Phytosterols are a special kind of bioactive compound; essentially fatty acid esters found in plants with a molecular structure much the same to cholesterol. There are over 200 different identified phytosterols; such as beta sitosterol, brassicasterol, campersterol and sigmasterol. These prized plant bioactive compounds are so special because they work in the intestine to lower the absorption of cholesterol and dietary fats. Phytosterols work by acting as competition for the cholesterol, blocking its absorption of dietary cholesterol through the digestive tract. Consumed cholesterol in the gut is bound to bile acids. Sterols competitively interact with the bile acid and displace the cholesterol. By preventing cholesterolâs entry into the bloodstream, it reduces the chance of depositing it ectopically and causing disease. Instead it is just lost through waste. The aim is to reduce the number of active low density lipoproteins (LDL), considered âbad cholesterolâ. So itâs clear to see how phytosterols are on our side and can help us to maintain a happy, healthy heart. In addition to this, phytosterols have been highlighted as being beneficial to prostate health;4 can help replenish and restore the skin;5 could have anti-oxidation; anti-cancer, anti-inflammatory, and anti-atherogenicity,capabilities,6 Phytosterols in our diet can actually improve the activity of immune cell function while also preventing the activity of the cells that cause inflammation and chronic disease.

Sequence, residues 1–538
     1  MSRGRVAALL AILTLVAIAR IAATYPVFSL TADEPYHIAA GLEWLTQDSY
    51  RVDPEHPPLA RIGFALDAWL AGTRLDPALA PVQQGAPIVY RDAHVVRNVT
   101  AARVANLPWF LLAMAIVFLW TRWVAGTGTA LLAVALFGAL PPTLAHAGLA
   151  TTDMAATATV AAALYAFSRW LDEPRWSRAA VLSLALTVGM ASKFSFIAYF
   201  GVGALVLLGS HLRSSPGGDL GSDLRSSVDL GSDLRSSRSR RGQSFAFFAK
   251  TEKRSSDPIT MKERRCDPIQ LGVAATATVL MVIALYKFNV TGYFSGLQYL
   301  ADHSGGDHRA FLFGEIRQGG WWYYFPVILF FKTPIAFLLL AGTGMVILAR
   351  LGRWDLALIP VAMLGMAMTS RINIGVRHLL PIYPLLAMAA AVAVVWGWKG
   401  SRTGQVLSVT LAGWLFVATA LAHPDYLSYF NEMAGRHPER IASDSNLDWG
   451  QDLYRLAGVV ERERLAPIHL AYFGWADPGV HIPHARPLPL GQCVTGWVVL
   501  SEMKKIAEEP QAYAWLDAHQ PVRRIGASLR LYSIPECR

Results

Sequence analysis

The richest natural sources of phytosterols include vegetable oils, nuts and nut oils, seeds, whole-grains, flour and various types of beans, such as soy and black bean. Eating fruits and vegetables, such as asparagus, tomatoes and oranges are also a way to boost phytosterol intake